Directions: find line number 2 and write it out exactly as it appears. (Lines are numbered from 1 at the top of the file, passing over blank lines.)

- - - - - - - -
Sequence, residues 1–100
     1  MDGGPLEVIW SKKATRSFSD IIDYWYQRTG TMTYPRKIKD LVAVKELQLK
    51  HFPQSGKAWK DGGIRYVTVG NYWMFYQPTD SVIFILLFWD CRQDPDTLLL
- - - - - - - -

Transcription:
     1  MDGGPLEVIW SKKATRSFSD IIDYWYQRTG TMTYPRKIKD LVAVKELQLK